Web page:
Man thats a lot of pain and they played hell with Jap shipping and were a big reason many Jap garrisons on Islands simply starved or ended up eating each other. Those B25s and PBYs would just eat up the Jap transports and their crummy little destroyer escorts. And once the ships were down, especially the troops transports, it wasnt over with. Those B25s came back around with all those 0.50s and blew the Japs who went over board into shark chum. And they would keep circling and strafing until the either ran out of ammo or ran out of Japs to murder.

Show no mercy expect no mercy. Thats how we used to roll. The Battle of the Bismark Sea
View Quote
I remember reading they searched all over the world to come up with those bombers for the mass take off scenes.  It was either 16 or 20 of them, don't remember which.  They had to work on one or two of them to get them in flying condition.
Link Posted: 4/18/2017 5:32:15 PM EDT
Discussion ForumsJump to Quoted PostQuote History
Quoted:
DAT SOUND.


Man that must have sounded awesome!!!
View Quote
This.

NOTHING else in the world sounds like a warbird, let alone an entire flight of them.
God bless the Doolittle Raiders, and all who've worn the uniform
Link Posted: 4/18/2017 5:41:59 PM EDT
Quoted:
75th anniversary of Doolittle Raiders celebration out at Wright Patt. Sorry for crappy pic they are hard to see but I could hear the roar of engines at about my 2 o'clock off in distance
https://www.AR15.Com/media/mediaFiles/134638/IMG-2183-190119.JPG
View Quote
4 of them did a wide circle around my house @ 2:15, very cool.  Heard the Bones but didn't see them (they're invisible, right)
Link Posted: 4/18/2017 5:46:56 PM EDT
Discussion ForumsJump to Quoted PostQuote History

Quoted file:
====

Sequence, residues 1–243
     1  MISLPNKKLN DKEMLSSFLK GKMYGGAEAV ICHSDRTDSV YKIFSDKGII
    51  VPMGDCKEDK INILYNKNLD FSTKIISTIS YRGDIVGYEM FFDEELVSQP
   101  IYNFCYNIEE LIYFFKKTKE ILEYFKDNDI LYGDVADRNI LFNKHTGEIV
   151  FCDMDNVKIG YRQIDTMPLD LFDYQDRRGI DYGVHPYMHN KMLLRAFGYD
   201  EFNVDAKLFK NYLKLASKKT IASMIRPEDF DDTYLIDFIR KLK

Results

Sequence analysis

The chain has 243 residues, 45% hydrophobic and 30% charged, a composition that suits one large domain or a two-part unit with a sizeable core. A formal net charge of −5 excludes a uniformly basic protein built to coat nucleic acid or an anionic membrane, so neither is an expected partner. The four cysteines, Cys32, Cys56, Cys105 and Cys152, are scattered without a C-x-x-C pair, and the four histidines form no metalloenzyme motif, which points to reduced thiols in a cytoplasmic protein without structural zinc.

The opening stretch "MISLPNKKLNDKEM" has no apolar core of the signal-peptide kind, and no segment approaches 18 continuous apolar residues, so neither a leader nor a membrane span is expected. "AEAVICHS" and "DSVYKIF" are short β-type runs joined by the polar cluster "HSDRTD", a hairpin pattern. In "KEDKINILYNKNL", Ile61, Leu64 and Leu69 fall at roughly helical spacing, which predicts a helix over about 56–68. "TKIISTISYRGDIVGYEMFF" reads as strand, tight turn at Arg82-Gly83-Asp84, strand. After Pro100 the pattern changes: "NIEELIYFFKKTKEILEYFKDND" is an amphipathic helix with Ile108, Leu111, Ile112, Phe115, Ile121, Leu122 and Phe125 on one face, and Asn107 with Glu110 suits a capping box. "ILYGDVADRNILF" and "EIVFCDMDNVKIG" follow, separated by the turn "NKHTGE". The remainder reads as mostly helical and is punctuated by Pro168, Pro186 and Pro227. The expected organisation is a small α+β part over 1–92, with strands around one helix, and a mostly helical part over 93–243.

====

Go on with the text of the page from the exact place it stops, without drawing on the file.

Quoted:
Very cool! And sort of a coincidence too. Yesterday afternoon, I had this flying over my house...
https://farm9.static.flickr.com/8186/29324855332_8d6cab9027_b.jpg

CAFs Sentimental Journey. Seemed like it had taken off from Sky Harbor in Phoenix and turned east just above my house at around 2pm or so. I wonder if maybe they all might be heading to the same venue? I know that Planes of Fame in Chino, Ca is having their annual air show in a few weeks (and I'm planning on going), but I'm wondering if there's another appearance elsewhere between then and now. 
View Quote
We are spoiled rotten to have such a beautiful aircraft right here in our hometown.
Link Posted: 4/18/2017 5:51:27 PM EDT
I had the pleasure of meeting Col Cole (Doolittle's copilot and the only surviving Raider) in 2012 at the reunion at Wright-Patt.  It was an honor to shake the hand of a man who (literally) helped change the course of the war in the Pacific.  

During the ceremony in 2012, there was a formation of 20 B25s that overflew the Museum.  That much noise was truly awe-inspiring.  Jets are sexy, but 40 radial engines beating the air into submission is a gut-shaking event that, rightly so, should send fear into the hearts of our enemies.  

Brave, selfless, ordinary men who did extraordinary things.  

Funny moment, there was a WWII vet behind us as the B25s approached....and I figured that out when I heard an old-guy, "my hearing is bad and that means I have no volume control" voice behind me say "THAT'S a piss-poor formation!"  You could actually hear the in his voice.